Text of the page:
We know the Cardinals are going after Giancarlo Stanton. They probably aren’t the only ones. Jon Heyman mentioned the Phillies and Giants and Jon Morosi mentioned those teams as well as the Red Sox. Any team could use Stanton, but not all of them are as good of a fit and fill a need like Stanton would for the Cardinals.
The Phillies definitely appear to be still in the rebuilding phase. With the talent they have on hand, they would probably win just over 70 games. Adding Giancarlo Stanton would get them to 75 wins, still not really a viable contender. Of course, Adding Stanton’s contract only puts the Phillies payroll at about $72 million, about 100 million less than what it was five years ago when they were contending.
If the Phillies decided they wanted to accelerate the rebuild, they wouldn’t have to stop at Stanton. They could add Jake Arrieta and Lance Lynn or Alex Cobb for under $50 million and add another five wins. Spend another $25 million on a couple bullpen arms and add a few more wins and that puts the team above .500 with a payroll around $150 million. If J.P. Crawford’s second half in the minors was for real and he’s back being one of the top prospects in baseball, and Rhys Hoskins hits his projections, all of a sudden the Phillies are contenders.
Could the Phillies sell Stanton on all of that? Are they willing to go big in free agency before their young core is really ready to compete? Those are some tough questions, but I’m not sure we can completely dismiss the Phillies just because they look like a 90-loss team as presently constructed. Their payroll commitments are so low and their financial wherewithal is so great that the team could make a huge leap in one season if they wanted to. Just signing Jake Arrieta and some other decent free agent isn’t going to do much for them, but Stanton-plus could get them into contention.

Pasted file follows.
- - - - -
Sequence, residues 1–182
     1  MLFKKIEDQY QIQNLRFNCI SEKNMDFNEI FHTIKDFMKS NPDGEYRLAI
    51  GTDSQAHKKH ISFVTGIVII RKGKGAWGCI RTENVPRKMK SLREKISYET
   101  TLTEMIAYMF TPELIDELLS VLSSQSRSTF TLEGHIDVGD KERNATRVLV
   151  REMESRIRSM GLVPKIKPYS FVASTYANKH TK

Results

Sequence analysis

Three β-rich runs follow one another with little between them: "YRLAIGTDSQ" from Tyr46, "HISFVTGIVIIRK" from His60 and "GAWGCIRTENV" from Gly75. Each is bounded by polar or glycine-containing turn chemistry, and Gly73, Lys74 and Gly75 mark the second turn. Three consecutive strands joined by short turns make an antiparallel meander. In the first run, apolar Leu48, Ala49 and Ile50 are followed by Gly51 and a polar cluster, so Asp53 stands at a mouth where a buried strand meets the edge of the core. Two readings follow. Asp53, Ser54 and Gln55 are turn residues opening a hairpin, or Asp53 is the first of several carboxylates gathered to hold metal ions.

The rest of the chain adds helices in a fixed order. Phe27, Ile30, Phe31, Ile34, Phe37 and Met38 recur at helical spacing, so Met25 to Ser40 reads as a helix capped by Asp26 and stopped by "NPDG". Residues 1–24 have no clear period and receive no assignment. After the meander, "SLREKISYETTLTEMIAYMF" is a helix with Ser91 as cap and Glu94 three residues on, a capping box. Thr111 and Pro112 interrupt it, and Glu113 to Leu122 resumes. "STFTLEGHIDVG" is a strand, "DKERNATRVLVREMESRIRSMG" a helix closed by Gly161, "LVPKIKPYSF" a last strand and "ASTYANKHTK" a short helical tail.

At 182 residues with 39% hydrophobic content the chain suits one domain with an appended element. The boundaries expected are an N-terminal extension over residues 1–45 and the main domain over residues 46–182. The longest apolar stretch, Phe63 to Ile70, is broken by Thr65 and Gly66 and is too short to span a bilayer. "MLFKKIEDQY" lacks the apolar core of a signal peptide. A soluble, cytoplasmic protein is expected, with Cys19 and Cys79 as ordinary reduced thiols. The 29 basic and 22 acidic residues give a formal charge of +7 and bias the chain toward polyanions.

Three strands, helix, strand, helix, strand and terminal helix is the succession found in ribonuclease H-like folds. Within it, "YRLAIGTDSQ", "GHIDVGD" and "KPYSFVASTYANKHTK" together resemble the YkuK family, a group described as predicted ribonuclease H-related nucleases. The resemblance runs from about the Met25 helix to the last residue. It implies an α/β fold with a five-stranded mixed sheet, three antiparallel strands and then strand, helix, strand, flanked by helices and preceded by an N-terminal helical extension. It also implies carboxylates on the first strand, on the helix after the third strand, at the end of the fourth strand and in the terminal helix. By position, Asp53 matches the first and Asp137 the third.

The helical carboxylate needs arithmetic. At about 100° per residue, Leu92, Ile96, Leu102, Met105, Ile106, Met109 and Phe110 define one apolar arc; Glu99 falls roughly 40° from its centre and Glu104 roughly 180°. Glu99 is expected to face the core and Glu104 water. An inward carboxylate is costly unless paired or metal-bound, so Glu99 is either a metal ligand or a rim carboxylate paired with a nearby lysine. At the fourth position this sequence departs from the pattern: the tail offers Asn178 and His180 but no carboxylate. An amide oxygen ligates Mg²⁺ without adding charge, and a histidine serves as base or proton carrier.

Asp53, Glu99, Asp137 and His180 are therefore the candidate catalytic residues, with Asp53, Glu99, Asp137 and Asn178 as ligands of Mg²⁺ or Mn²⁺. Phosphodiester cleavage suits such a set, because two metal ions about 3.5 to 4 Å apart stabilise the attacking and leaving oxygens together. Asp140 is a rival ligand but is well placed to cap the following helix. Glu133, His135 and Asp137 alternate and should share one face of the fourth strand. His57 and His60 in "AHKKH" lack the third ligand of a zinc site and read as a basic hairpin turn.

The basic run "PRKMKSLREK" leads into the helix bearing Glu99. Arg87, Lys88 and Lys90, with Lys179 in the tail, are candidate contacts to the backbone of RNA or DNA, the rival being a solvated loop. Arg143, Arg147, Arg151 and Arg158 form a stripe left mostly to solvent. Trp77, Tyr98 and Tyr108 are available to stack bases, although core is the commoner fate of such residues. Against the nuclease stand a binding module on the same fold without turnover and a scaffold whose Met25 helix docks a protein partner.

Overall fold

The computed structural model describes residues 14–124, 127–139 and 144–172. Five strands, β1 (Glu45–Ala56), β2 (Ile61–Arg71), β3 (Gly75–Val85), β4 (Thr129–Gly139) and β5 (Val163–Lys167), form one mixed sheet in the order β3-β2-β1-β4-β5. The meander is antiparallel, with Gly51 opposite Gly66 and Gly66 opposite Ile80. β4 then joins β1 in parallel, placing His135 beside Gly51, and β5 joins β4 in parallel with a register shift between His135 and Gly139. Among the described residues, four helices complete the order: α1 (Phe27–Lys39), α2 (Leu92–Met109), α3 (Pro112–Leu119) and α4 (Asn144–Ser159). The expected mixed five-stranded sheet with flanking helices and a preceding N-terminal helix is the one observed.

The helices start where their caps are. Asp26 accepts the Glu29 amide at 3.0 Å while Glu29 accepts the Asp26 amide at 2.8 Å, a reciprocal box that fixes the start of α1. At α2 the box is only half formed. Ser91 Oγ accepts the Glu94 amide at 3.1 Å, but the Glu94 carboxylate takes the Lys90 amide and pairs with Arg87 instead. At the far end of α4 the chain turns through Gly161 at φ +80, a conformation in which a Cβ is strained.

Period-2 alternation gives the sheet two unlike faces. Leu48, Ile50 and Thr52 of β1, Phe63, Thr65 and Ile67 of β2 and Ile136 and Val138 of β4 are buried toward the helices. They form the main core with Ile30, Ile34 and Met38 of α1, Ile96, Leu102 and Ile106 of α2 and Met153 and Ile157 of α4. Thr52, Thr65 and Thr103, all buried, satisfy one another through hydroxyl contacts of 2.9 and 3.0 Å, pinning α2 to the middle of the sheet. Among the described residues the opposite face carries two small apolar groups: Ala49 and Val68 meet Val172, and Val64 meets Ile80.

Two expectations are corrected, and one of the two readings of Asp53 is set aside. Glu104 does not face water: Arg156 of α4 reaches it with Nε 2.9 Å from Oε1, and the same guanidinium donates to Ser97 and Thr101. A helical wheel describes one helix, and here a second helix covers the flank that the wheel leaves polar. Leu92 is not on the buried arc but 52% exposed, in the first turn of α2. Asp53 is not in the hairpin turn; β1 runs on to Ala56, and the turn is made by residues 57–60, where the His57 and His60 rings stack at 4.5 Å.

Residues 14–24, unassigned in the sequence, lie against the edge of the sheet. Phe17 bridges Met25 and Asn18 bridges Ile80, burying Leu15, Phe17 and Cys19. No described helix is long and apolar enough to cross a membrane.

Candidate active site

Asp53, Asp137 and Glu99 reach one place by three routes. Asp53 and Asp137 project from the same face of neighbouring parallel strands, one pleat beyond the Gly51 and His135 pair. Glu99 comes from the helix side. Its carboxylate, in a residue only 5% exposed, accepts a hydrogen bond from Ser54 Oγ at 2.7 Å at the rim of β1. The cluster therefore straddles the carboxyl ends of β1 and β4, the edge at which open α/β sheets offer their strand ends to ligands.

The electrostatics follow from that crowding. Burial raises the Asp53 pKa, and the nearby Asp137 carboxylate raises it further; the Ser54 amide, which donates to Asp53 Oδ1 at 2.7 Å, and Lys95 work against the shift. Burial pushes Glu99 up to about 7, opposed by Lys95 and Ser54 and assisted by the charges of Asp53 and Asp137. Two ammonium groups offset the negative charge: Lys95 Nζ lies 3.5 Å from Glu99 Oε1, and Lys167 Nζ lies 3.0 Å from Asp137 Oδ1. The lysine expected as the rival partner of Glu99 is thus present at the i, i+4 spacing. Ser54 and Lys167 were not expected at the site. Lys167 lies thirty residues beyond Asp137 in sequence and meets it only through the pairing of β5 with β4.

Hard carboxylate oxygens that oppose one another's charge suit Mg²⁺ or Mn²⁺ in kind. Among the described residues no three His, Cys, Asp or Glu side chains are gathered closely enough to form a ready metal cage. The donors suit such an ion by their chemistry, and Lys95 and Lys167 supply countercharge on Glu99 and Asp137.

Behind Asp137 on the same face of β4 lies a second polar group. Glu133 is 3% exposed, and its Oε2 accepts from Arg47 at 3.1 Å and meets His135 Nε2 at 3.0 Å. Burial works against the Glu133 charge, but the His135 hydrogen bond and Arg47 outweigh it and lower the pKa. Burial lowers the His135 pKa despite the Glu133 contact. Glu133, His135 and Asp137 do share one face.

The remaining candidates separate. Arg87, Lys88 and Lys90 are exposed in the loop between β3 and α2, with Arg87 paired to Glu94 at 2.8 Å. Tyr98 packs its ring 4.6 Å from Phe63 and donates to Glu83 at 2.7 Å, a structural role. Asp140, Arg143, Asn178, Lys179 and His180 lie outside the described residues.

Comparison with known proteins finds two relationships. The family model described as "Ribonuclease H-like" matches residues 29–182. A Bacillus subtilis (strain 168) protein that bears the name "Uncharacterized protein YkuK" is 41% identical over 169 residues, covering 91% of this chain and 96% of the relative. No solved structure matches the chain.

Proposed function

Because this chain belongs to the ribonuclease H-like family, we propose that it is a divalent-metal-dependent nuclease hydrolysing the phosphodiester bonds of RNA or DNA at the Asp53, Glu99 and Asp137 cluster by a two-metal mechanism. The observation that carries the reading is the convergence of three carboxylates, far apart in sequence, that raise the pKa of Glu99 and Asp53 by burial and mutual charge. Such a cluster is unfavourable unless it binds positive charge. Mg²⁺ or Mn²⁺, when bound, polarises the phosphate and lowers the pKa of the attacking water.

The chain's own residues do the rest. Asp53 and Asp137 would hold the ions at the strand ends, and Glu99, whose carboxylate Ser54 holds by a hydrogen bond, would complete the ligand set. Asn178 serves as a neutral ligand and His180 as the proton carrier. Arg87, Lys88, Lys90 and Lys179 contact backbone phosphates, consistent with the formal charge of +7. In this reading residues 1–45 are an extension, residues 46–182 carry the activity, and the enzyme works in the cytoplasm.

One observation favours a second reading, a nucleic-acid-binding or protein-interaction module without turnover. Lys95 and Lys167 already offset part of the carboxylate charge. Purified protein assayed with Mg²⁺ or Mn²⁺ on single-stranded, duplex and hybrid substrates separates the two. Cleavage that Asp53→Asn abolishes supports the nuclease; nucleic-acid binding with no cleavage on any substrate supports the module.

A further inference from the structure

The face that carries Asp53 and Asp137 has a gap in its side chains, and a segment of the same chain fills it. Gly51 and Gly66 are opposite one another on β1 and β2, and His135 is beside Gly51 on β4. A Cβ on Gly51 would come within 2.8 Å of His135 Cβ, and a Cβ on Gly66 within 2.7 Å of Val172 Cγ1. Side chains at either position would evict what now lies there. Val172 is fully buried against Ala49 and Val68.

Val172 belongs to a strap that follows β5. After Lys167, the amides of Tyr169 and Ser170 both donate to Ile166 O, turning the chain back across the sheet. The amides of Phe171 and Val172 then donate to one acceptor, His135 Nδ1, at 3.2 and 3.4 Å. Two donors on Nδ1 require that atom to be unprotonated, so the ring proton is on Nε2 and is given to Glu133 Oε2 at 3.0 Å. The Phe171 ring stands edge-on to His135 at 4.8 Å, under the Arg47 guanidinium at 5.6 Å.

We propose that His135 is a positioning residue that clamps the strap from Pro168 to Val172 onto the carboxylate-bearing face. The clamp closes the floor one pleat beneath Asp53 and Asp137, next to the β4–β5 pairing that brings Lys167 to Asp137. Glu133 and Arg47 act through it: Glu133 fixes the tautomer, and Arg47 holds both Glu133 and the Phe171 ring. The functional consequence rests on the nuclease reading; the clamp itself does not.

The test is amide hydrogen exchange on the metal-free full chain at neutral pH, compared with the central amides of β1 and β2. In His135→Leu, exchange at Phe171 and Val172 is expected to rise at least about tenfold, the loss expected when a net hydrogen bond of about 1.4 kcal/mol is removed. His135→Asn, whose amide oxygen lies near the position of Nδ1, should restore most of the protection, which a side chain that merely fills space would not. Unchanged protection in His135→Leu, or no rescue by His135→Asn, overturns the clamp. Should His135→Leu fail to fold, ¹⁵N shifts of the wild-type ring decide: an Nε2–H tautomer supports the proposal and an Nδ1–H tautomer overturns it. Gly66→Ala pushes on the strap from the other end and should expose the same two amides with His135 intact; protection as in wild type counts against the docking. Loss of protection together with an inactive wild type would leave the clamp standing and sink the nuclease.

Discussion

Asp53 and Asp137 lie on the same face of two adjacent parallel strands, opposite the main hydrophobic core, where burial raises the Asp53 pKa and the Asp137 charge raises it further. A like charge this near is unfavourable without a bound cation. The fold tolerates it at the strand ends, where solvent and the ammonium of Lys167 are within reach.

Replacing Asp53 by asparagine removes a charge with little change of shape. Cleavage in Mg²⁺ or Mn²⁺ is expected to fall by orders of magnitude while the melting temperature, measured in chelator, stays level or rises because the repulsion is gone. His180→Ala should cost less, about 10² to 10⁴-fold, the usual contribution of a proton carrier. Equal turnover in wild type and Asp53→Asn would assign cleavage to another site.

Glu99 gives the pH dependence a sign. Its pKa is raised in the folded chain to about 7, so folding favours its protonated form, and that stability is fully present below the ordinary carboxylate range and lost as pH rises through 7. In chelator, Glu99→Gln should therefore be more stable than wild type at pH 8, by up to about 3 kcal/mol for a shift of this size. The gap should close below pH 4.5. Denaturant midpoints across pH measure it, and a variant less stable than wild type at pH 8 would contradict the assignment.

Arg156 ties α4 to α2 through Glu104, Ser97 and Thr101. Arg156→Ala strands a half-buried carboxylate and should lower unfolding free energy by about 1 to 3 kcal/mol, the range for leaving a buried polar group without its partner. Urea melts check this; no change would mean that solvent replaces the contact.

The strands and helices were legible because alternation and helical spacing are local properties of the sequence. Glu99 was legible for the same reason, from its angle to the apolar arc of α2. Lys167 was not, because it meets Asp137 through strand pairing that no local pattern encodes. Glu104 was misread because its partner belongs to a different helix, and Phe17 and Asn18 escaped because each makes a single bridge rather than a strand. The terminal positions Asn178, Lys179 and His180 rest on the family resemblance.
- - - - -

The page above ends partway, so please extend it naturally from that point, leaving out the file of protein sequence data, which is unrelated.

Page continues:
The Giants are pretty much in the opposite situation of the Phillies. Their current core is on the downside and expensive, but Stanton could get them a year or two more with the current set of players. Cots Contracts estimates that the Giants went just over the competitive balance tax in 2017. They also went over in 2015 and 2016 which means they are taxed at a 50% rate. That doesn’t mean much for 2017 as paying an extra million dollars isn’t that big of a deal.